Bug 741389 (CVE-2011-3730) - CVE-2011-3730 drupal7: installation path disclosure via a direct request to a .php file
Summary: CVE-2011-3730 drupal7: installation path disclosure via a direct request to a...
Alias: CVE-2011-3730
Product: Security Response
Classification: Other
Component: vulnerability
Version: unspecified
Hardware: All
OS: Linux
Target Milestone: ---
Assignee: Red Hat Product Security
QA Contact:
Depends On: 741391 741392 741393
TreeView+ depends on / blocked
Reported: 2011-09-26 17:53 UTC by Vincent Danen
Modified: 2019-09-29 12:47 UTC (History)
2 users (show)

Fixed In Version:
Doc Type: Bug Fix
Doc Text:
Clone Of:
Last Closed: 2015-08-22 15:25:43 UTC

Attachments (Terms of Use)

Description Vincent Danen 2011-09-26 17:53:20 UTC
Common Vulnerabilities and Exposures assigned an identifier CVE-2011-3730 to
the following vulnerability:

Name: CVE-2011-3730
URL: http://cve.mitre.org/cgi-bin/cvename.cgi?name=CVE-2011-3730
Assigned: 20110923
Reference: http://www.openwall.com/lists/oss-security/2011/06/27/6
Reference: http://code.google.com/p/inspathx/source/browse/trunk/paths_vuln/%21_README
Reference: http://code.google.com/p/inspathx/source/browse/trunk/paths_vuln/drupal-7.0

Drupal 7.0 allows remote attackers to obtain sensitive information via
a direct request to a .php file, which reveals the installation pathin an error message, as demonstrated by
modules/simpletest/tests/upgrade/drupal-6.upload.database.php and
certain other files.

Comment 1 Vincent Danen 2011-09-26 17:55:26 UTC
Created drupal7 tracking bugs for this issue

Affects: fedora-all [bug 741391]
Affects: epel-6 [bug 741392]
Affects: epel-5 [bug 741393]

Comment 2 Gwyn Ciesla 2011-09-27 00:43:25 UTC
This indicates 7.0.  We ship 7.8.  Is this relevant?

Comment 3 Vincent Danen 2011-09-27 04:36:00 UTC
My understanding is this has not been fixed, but there were a whole bunch of these assigned recently so it is possible that the flaw was originally found against 7.0, and I have no idea whether or not upstream was ever informed.  As far as I know, it is still relevant, but I have not had the opportunity to look at the code to make a real determination.

Comment 4 Paul W. Frields 2011-09-27 14:10:46 UTC

Upstream is highly unlikely to fix this issue by implementing strict parameter checking everywhere, AIUI.  This could be addressed with the PHP setting display_errors=Off, which is recommended for production sites anyway.  I wonder how many other xmlrpc-enabled or other Web apps we have that have the same problems.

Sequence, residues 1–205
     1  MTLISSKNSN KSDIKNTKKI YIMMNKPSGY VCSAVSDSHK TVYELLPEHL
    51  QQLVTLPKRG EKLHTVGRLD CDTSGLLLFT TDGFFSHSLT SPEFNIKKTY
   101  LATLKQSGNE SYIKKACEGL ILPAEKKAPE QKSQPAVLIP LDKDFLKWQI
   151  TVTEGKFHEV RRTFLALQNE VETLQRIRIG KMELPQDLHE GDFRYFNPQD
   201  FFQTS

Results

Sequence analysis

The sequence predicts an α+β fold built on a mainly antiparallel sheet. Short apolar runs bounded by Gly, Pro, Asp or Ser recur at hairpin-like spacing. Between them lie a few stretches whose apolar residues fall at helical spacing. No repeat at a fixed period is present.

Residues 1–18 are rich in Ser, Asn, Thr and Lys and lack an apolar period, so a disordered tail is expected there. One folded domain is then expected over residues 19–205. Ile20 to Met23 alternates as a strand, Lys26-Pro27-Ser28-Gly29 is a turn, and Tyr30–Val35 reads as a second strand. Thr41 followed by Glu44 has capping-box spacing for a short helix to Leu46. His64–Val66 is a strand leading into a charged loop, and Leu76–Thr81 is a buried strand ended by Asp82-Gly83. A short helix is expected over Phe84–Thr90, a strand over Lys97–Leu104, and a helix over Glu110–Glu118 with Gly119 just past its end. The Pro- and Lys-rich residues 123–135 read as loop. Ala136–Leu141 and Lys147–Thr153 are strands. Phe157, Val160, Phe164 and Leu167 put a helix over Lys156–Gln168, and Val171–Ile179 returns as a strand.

If we decide to handle, my suggestion would be adding the following in the <Directory> section of the Apache drupal7.conf file we ship:

  # Note, this overrides whatever is in /etc/php.ini --
  # change to "on" if you need to enable debugging.
  # Q.v.: CVE-2011-3730
  php_value display_errors off

Comment 5 Vincent Danen 2011-09-27 15:51:33 UTC
Hmmm... we could do that, and that is a good point.  Looking at the default RHEL6 php.ini, display_errors is Off.  Likewise with Fedora 15.

I wonder if we should just resolve all of these as NOTABUG -- if display_errors is Off by default, then the problem will only occur if a user enables them, which php.ini clearly says is a bad idea in production:

 This directive controls whether or not and where PHP will output errors,
; notices and warnings too. Error output is very useful during development, but
; it could be very dangerous in production environments. Depending on the code
; which is triggering the error, sensitive information could potentially leak
; out of your application such as database usernames and passwords or worse.
; It's recommended that errors be logged on production servers rather than
; having the errors sent to STDOUT.

Perhaps we should instead set error_log to something by default rather than to nothing (either some file in /var/log/httpd/ or to syslog), with a log rotation script, etc.  That would be an argument for the PHP package, however.

We could do it this way, but then we should likely do it for _all_ PHP applications we ship, which seems silly since we have the global default.

(I know this relates to more than just Drupal here, but a bunch of CVEs were assigned for these types of flaws... and while the code itself isn't fixed, out of the box we're not technically affected by any of these and what an administrator/user does afterwards we can't really be responsible for).

Comment 6 Paul W. Frields 2011-09-27 17:49:38 UTC
I wasn't sure what the php.ini default was out of the box, so thanks for checking Vincent.  I would consider this a NOTABUG for drupal7 itself for that reason, then.  (I.e. you break it, you get to keep both pieces.)

But I like your idea of setting a globally safe default in PHP.  Speaking as someone who's dabbled in debugging a PHP app (Drupal in this case!) it would be really useful to see PHP errors going somewhere reasonably discoverable by default, like /var/log/httpd or /var/log/php-something-or-other.  Do you want to file a bug against php and see if the maintainer agrees?

Comment 7 Gwyn Ciesla 2011-09-27 18:03:03 UTC
I had this conversation about 5 years ago.  I'd written a PHP app, on Fedora, I'd open-sourced it, and this guy was complaining about all these errors dumped to his browser, and how it was really irresponsible of me to have that happen from a security perspective.  I fixed the errors, and reminded him that he'd set that setting, not me. :)

If the default for PHP is secure, I say close them all.

Comment 8 Vincent Danen 2011-09-28 15:23:31 UTC
Paul, yes I'll file an RFE for that.  I do that myself and it makes life much simpler.

Jon, totally makes sense and I'm inclined to agree.  I will close them all this afternoon with an explanation as to how we are secure "out of the box".


Comment 9 Vincent Danen 2011-09-28 15:40:03 UTC
I've filed bug #741958 for the RFE to have a default error log.

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